Interview with Dr. Cynthia McMurray
May 2, 2008

Introduction: This Findings podcast is brought to you by the National Institute of General Medical Sciences, part of the National Institutes of Health. The Findings podcast series features the NIGMS-funded scientists profiled in each issue of the Findings magazine.

Carlson: Hi, I'm Emily Carlson. Right now in the United States, about 1 in every 10,000 adults is living with Huntington's disease, an incurable and devastating disorder passed from parent to child. Cynthia McMurray, a scientist at the Mayo Clinic in Minnesota, is trying to understand the basic biology of the disease. Her research focuses on DNA and how it repairs itself. Dr. McMurray, what part of DNA repair do you study?

McMurray: One of my basic interests is actually genome stability and instability, and I became interested in kind of the idea of gene amplification events. You'll maybe have a gene but you might have three copies of the gene. So part of this region of DNA has multiple copies. And this is a really fascinating process to me because somehow your genome has decided to take on a whole big chunk of DNA that's extra. And I always wondered why would ... you know, what could give rise to this extra DNA, basically? And so my segue into this was to really start looking at the CAG expansion disorders. And they are small amplification events, but for example, one of the diseases that I study is called Huntington's disease ... and it's one of a number of severe hereditary progressive neurodegenerative diseases, and the underlying defect is an amplification of these small DNA elements that are three nucleotides long. It's CAG, a cytosine adenine guanine. So there are three of these and they are copied multiple times. So a normal person may have six and a diseased individual may have 40. So this is an amplification event where these small nucleotides actually get amplified to be too many. And what we discovered in that process was, interestingly enough, that the amplification events actually were caused in the process of repairing DNA.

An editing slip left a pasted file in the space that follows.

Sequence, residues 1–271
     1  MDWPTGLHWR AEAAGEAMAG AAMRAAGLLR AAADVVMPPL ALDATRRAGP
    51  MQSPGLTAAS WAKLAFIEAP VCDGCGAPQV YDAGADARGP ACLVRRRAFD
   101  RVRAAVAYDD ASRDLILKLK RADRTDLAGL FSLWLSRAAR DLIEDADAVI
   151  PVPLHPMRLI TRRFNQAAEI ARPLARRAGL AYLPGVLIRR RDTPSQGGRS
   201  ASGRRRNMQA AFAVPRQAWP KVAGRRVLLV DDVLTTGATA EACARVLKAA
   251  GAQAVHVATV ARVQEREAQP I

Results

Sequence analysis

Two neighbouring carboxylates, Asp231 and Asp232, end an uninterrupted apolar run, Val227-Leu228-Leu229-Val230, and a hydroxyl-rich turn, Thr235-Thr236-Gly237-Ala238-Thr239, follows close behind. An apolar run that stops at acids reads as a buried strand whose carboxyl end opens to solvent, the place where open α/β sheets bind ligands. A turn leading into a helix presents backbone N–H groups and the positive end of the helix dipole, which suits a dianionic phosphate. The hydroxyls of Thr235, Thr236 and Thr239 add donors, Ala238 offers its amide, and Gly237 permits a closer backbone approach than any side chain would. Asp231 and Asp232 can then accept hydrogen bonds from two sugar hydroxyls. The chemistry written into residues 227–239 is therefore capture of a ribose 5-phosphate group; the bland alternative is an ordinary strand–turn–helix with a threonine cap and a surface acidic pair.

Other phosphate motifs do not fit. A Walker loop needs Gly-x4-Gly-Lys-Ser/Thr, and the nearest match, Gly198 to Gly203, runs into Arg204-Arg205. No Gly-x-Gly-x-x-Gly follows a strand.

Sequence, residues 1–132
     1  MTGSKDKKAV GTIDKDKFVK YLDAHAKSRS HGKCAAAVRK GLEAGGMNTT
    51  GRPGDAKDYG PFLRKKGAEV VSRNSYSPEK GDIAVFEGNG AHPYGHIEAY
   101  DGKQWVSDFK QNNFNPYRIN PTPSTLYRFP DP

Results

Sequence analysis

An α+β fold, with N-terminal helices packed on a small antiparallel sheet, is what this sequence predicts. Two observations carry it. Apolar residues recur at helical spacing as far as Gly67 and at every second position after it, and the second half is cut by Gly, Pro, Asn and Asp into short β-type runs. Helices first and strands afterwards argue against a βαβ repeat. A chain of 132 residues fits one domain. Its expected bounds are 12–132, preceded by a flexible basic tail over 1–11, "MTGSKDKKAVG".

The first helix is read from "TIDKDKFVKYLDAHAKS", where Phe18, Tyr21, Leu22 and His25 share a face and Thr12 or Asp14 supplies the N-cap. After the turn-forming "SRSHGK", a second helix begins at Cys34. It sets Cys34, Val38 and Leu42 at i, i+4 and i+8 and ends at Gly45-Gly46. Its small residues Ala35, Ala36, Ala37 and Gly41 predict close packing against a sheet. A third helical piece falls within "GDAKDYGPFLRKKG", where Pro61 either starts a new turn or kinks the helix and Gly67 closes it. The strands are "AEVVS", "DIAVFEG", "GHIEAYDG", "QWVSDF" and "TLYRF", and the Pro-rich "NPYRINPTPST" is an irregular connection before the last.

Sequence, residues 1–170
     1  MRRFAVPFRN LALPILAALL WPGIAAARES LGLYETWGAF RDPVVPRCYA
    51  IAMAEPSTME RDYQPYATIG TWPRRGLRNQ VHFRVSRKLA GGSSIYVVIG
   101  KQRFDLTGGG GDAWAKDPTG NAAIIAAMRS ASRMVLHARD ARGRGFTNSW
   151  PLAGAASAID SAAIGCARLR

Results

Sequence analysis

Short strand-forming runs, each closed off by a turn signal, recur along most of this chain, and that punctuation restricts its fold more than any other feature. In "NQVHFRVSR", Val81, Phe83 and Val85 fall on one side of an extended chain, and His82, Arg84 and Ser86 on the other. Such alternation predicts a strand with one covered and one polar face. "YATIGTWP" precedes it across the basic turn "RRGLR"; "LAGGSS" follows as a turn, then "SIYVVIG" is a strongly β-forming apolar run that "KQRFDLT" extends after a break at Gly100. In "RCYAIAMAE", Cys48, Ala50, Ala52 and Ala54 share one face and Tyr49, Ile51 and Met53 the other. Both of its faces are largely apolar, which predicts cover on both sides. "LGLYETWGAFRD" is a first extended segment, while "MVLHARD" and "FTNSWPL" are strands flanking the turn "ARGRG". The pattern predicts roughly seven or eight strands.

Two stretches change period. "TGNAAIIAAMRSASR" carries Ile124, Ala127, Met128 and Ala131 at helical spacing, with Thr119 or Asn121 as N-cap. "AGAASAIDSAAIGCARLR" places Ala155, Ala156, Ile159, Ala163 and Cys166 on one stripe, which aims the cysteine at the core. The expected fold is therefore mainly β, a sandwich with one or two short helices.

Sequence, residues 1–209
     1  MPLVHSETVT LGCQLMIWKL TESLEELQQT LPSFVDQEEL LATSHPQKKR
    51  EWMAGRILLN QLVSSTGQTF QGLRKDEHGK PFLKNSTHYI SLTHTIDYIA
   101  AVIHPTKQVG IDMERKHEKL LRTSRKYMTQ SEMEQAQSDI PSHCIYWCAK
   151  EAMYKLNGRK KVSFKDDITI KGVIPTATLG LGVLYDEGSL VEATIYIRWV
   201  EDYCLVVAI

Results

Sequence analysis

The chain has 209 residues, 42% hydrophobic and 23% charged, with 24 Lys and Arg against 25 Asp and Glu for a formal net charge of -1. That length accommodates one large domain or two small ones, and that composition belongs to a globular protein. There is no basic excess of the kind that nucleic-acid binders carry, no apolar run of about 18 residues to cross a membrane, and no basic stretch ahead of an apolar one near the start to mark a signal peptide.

Carlson: How would you describe progress in this area?

McMurray: From a patient's perspective, nothing is fast enough, and I would feel the same way and do feel the same way. Every day I wish it were different. But in terms of movement forward, I think there's been a tremendous progress. You know, it's very difficult to really find the genesis of a disease. But I would say that the number of really good laboratories working on these disorders has been tremendous and I think that while I agree that we do not have a therapeutic that will fix this disease, and I would say that probably it's not even around the corner, meaning we're not going to have one in 5 years, I think we really know a lot more about how the disease is progressing and some of the contributing factors.

Carlson: With so many things unclear about DNA repair and DNA instability, where do you even decide to begin with your questions and your attempts to answer them?

McMurray: Well, I think there is more or less a standard process. I should say right now that personally I have two interests. One is that I believe that this disease really has two components: the defects that are mediated by the toxic gene product. The protein itself is bad and we have to figure out what the protein is doing. But I also have ... feel strongly that the second component is the DNA-mediated process. So we're as interested in that process as we are the protein. That is a viewpoint not shared by many.